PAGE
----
The eIDSR tool was created to improve the speed of the flow of information within health systems. Through the electronic Integrated Disease Surveillance Response (eIDSR) solution, disease prevention, and control is enhanced through timely electronic capture and submission of data on epidemiologically-important diseases as data can now be submitted, reviewed and acted upon near real-time.

...My colleague Surveillance Officers would agree with me that eIDSR has relieved our stress. eIDSR roll-out commenced in the Kambia district in November 2018. A week following the roll-out, we achieved 98% of timeliness of reporting and has not gone below 90% since.
— Usman Barrie, District Surveillance Officer, MoHS, Kambia district.

Disease surveillance plays an important role in disease prevention, control and elimination. 

eHA continues to work with its partners to ensure eIDSR is sustainable in Sierra Leone.

How eHealth Africa supports Universal Health Coverage across Africa

By Emerald Awa- Agwu

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April 7 is World Health Day and this year, the World Health Organization (WHO) is focusing on Universal Health Coverage (UHC).

WHO: Universal Health Coverage - What does it mean?

Good health is crucial for developing economies and reducing poverty. Governments and decision-makers need to strengthen health systems so that people can get the healthcare and services that they need to maintain and improve their health, and stay productive.  However, improving access to health services is incomplete if people plunge further into poverty because of the cost of health care. WHO estimates that over 800 million people spend at least 10% of their household budget on health care which is indicative of catastrophic health expenditure (CHE).  CHE can mean that households have to cut down on or forfeit necessities such as food and clothing, education for their children or even sell household goods.

One of the targets of Sustainable Development Goal 3—Ensure healthy lives and promote wellbeing for all at all ages— is to achieve universal health coverage by 2030. Therefore, achieving UHC has become a major goal for health system reforms in many countries, especially in Africa.

Through our projects and solutions, eHealth Africa supports countries across Africa to strengthen the six pillars of universal health coverage.

1. Health Financing for Universal Health Coverage

WHO recommends that no less than 15% of national budgets should be allocated to health. We believe that accurate and up to date data, can ensure that available health funds are better allocated. In Nigeria,  we worked with several partners to map and collect geospatial data through the Geo-Referenced Infrastructure and Demographic Data for Development (GRID3) program. Data relating to over 22 points of interest categories including health facilities, was collected across 25 states and the Federal Capital Territory in Nigeria. This data helps decision-makers to distribute resources and plan interventions that target the people who need it most.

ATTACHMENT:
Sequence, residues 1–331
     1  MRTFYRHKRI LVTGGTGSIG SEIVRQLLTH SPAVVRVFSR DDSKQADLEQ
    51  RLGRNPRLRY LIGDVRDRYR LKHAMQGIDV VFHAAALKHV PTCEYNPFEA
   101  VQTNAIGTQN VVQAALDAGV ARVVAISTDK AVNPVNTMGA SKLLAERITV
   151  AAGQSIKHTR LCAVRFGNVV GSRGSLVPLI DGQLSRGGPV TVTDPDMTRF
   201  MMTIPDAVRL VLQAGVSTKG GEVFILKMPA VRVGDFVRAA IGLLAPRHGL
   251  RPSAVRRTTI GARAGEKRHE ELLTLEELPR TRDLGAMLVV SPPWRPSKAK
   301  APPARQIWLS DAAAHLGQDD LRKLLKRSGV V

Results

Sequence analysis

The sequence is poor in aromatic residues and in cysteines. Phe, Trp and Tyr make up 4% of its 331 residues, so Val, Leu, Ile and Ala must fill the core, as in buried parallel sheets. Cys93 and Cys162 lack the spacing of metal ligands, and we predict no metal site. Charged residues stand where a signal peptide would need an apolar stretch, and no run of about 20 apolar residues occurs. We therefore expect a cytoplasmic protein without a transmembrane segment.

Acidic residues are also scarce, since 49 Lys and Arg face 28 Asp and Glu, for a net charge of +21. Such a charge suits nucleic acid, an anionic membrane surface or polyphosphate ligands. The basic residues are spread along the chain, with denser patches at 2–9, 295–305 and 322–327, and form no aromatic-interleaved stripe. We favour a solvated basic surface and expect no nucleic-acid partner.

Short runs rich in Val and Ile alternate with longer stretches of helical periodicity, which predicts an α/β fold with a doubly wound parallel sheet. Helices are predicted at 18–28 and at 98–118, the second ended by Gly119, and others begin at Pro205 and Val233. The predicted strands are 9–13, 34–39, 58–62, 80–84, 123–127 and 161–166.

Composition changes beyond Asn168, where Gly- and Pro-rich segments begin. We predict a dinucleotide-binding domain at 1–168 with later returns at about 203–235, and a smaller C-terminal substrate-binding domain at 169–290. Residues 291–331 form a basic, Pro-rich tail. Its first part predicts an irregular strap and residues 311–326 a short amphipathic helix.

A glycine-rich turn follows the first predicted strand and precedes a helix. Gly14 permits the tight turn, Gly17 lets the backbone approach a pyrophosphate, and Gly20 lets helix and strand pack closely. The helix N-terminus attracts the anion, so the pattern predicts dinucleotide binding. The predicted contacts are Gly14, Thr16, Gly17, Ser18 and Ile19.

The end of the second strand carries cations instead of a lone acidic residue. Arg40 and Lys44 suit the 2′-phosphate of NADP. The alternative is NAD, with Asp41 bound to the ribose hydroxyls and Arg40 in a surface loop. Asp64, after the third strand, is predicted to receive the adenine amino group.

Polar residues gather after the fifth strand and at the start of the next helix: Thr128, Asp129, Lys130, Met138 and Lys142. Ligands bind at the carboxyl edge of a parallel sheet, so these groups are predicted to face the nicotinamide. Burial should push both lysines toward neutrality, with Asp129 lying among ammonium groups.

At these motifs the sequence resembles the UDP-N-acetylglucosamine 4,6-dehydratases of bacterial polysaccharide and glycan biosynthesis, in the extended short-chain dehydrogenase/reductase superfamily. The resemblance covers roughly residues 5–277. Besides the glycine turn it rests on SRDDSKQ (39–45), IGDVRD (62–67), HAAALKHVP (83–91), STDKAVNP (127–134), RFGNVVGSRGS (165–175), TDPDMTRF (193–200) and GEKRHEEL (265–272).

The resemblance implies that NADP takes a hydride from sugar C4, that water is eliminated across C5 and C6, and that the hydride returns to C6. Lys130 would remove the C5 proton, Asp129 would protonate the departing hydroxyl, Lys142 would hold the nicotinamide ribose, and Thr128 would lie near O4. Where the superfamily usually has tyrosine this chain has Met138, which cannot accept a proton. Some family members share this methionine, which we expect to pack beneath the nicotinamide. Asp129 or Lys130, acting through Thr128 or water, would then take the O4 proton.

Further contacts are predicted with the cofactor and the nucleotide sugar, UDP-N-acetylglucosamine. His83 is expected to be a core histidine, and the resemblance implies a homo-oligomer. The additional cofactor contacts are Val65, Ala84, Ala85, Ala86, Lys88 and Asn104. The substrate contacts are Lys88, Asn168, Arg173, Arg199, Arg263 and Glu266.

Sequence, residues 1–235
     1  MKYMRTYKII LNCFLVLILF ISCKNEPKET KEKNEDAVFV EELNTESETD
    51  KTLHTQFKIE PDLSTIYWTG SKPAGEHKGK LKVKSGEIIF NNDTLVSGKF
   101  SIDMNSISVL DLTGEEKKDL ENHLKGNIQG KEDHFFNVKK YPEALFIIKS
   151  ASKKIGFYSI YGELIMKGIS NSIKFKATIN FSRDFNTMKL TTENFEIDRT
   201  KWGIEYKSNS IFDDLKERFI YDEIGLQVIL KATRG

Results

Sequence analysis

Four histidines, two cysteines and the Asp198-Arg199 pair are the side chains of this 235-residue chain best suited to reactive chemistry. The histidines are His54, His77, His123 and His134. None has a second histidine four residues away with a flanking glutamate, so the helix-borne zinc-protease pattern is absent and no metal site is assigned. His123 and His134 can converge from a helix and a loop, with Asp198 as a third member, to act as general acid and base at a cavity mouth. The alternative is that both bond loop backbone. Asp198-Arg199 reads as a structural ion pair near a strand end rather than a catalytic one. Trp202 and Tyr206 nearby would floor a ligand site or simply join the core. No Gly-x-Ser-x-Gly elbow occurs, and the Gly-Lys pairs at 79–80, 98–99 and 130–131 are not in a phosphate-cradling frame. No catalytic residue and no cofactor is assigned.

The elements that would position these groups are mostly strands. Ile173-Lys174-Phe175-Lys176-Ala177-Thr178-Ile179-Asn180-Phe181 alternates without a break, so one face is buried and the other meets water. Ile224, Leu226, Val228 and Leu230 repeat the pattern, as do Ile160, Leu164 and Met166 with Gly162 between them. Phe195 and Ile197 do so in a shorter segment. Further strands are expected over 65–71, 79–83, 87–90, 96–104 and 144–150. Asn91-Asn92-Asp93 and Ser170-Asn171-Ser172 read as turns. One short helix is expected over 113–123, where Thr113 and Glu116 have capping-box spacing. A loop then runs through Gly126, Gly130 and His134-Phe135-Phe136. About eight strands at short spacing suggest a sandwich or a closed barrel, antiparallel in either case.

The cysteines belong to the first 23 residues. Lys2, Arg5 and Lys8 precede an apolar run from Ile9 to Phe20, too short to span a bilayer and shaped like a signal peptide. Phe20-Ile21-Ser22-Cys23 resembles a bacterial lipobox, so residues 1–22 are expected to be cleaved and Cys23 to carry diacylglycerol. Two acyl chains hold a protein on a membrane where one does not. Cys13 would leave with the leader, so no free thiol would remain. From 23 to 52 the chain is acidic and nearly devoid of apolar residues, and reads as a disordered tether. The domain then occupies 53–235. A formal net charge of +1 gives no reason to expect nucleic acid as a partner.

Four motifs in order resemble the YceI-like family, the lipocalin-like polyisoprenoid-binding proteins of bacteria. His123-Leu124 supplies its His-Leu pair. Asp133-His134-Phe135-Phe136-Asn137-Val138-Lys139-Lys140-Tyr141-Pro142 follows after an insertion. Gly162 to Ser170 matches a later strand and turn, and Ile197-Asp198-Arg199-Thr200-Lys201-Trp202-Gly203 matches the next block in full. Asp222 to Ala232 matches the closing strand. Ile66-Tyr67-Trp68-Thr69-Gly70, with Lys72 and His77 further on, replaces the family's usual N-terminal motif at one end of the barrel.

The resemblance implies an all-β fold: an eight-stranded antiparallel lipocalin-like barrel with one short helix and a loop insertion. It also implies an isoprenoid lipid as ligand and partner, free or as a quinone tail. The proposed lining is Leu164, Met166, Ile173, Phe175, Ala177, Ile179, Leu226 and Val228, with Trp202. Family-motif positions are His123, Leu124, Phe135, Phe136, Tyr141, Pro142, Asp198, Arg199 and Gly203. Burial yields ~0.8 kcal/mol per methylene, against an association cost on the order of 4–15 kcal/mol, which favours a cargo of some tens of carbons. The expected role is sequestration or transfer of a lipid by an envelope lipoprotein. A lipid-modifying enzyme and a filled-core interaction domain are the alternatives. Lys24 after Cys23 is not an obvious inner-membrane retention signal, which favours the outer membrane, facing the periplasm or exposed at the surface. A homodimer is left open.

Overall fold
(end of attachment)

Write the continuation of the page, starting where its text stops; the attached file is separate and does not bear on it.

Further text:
2. Essential Medicines and Health products

Vaccines are some of the most essential health commodities

Vaccines are some of the most essential health commodities

Countries decide what medicines and health commodities are essential based on the illnesses suffered by the majority or significant sections of their population. They must also ensure that quality, safe and effective medicines, vaccines, diagnostics, and other medical devices are readily available and affordable.

When essential medicines and health products are procured, it is important to maintain proper records and to ensure that health facilities do not run out of stock. eHealth Africa created Logistics Management Information System (LoMIS), a suite of mobile and web applications, LoMIS Stock and LoMIS Deliver that address challenges in the supply of essential medicines and health products such as vaccines and drugs. In Kano State, health workers at the facility level use the LoMIS Stock mobile application to send weekly reports on the vaccine stock levels, essential drug stock levels and the status of cold chain equipment. Supervisors can view the reports in near real-time through the LoMIS Stock Dashboard and plan deliveries of medicines and health products to prevent stockouts of vaccines and essential drugs, using LoMIS Deliver. LoMIS Deliver reduces errors by automating the process of ledger entry to capture the number of vaccines on-hand at the facility and the quantity delivered.

3. Health systems governance